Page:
Senate Dems condemn phone snooping, call on White House to justify order

Democratic senators on Thursday condemned the National Security Agency’s collection of Verizon customers’ phone records and demanded the Obama administration make public its legal authority for the move. [Watch the video]

“It concerns me,” said Sen. Mark Udall (D-Colo.), a member of the Senate Intelligence Committee. “The administration, I think, owes it to the American public to comment on what authorities it thinks it has.”

Udall and Sen. Ron Wyden (D-Ore.), also a member of the Intelligence Committee, are two of the most outspoken critics of the administration’s surveillance policies.

Wyden said he would soon issue a statement on the report in the British newspaper The Guardian revealing the National Security Agency has collected a broad swath of phone data to filter out calls to suspected terrorists. The sweep included telephone numbers and the times and locations of calls but not the content of conversations, according to The Guardian.

Sen. Jeff Merkley (Ore.), a liberal Democrat, condemned the intelligence operation as “an outrageous breach of Americans’ privacy.”

“I have had significant concerns about the intelligence community over-collecting information about Americans’ telephone calls, emails, and other records and that is why I voted against the reauthorization of the PATRIOT Act provisions in 2011 and the reauthorization of the FISA Amendments Act just six months ago,” he said in a statement.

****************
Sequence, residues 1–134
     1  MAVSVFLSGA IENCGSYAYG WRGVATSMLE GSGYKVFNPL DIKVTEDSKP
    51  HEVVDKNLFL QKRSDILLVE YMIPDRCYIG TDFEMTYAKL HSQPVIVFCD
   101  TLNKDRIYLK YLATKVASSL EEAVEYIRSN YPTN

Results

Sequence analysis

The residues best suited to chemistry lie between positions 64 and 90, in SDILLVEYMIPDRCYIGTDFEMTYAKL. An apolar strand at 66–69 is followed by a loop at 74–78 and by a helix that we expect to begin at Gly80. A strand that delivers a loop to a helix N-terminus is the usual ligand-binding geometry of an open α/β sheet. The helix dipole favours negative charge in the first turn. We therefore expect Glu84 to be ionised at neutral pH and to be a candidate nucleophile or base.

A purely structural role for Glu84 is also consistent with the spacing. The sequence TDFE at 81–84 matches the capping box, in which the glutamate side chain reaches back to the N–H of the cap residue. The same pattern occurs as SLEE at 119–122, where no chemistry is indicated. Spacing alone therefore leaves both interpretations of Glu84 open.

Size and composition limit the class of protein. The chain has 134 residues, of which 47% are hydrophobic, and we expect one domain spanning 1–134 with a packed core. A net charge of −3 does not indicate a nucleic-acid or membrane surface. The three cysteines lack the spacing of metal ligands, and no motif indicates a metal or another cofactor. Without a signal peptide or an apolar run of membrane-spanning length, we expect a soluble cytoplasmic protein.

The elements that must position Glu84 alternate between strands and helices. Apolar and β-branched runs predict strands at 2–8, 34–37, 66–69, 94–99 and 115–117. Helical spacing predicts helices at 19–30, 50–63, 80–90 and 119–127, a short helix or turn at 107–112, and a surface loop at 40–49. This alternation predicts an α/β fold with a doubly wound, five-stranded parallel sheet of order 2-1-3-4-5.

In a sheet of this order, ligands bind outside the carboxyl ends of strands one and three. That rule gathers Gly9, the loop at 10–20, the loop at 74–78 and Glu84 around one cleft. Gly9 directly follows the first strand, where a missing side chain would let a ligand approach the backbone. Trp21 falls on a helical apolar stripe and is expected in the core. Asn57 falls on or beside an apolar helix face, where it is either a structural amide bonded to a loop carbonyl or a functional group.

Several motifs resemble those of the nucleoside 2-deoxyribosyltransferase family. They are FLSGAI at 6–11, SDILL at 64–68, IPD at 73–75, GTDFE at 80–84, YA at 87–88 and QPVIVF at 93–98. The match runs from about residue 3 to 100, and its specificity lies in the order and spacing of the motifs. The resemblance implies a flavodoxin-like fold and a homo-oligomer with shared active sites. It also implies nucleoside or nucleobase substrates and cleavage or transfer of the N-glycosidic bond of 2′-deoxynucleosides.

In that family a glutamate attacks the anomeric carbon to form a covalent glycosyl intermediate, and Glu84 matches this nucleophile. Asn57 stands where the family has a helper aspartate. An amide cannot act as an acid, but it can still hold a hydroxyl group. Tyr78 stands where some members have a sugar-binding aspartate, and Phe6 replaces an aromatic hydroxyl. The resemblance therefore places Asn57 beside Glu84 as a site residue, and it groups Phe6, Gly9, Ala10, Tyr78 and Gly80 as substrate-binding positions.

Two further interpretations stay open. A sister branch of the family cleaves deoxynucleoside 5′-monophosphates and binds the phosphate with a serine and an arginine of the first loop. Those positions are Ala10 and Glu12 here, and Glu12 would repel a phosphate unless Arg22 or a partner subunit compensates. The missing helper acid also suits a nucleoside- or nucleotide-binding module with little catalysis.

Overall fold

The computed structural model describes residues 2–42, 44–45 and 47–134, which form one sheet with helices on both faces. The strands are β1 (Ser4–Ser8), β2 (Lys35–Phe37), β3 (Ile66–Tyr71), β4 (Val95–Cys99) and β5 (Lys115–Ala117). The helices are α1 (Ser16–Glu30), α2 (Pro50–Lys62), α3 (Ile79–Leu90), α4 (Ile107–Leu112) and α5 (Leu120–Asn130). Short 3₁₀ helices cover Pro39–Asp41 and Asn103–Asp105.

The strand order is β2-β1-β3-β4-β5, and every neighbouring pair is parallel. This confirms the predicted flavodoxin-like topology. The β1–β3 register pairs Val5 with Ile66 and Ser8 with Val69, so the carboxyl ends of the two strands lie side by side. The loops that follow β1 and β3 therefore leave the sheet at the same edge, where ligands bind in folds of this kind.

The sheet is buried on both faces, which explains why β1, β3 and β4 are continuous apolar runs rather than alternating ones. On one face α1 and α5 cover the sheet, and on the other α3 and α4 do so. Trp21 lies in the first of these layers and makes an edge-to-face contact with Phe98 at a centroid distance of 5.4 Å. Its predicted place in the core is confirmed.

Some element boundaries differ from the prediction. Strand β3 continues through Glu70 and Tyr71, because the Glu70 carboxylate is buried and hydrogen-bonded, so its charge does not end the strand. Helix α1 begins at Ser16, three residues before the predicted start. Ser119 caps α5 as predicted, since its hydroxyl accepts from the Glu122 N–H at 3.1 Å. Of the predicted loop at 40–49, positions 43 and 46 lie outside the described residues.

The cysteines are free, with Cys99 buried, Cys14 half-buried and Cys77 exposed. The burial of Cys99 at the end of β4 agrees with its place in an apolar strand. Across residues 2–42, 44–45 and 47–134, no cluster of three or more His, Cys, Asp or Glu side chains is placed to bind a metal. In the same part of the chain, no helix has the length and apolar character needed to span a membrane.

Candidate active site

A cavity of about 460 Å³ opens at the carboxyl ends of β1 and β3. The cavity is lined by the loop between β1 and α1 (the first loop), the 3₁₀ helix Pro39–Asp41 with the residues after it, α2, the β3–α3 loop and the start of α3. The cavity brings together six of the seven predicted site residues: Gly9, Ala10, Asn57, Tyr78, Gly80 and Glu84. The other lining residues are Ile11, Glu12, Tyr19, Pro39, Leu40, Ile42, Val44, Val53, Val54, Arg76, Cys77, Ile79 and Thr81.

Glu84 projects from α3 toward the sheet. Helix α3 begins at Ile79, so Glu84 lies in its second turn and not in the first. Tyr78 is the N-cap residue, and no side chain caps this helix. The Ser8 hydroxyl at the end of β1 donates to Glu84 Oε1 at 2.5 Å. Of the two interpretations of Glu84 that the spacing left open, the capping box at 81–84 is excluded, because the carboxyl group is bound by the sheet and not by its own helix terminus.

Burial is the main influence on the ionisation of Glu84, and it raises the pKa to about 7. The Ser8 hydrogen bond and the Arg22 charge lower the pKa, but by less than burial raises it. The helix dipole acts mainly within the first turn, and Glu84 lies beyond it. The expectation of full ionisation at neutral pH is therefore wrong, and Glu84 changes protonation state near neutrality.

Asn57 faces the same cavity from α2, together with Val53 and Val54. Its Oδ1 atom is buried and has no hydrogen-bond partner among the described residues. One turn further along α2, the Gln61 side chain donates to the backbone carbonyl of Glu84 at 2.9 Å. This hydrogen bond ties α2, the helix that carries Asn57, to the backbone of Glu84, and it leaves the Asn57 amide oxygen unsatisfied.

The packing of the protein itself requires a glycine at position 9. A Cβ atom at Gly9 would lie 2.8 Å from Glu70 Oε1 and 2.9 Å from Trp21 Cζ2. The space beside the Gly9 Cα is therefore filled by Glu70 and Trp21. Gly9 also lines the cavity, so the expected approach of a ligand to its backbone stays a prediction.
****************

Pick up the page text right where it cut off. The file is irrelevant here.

Sen. Bernie Sanders (Vt.), a liberal independent who caucuses with Democrats, also blasted the administration.

"To simply say in a blanket way that millions and millions of Americans should have their phone records checked by the United States government is indefensible and, to my mind, unacceptable," he said.

Some Republicans sought to link the surveillance practices to the Internal Revenue Service’s targeting of Tea Party groups seeking tax exemption.

“It’s not a surprise. How do you distinguish between that and what the IRS is doing? There are no surprises left,” said Sen. James Inhofe (R-Okla.), a member of the Intelligence Committee.

Sen. Lindsey Graham (R-S.C.), one of the fiercest critics of the administration’s handling of the attacks on the U.S. diplomatic post in Benghazi, Libya, however defended the national intelligence community.

Graham said he is wholly supportive of the data mining and that the public has nothing to fear.

"I'm a Verizon customer, and I could care less that they're looking through my phone records," he said.

"An individual has nothing to worry about. You can't retain information," he added.

"If we don't do it, we're crazy," Graham said.

—Erik Wasson contributed to this report.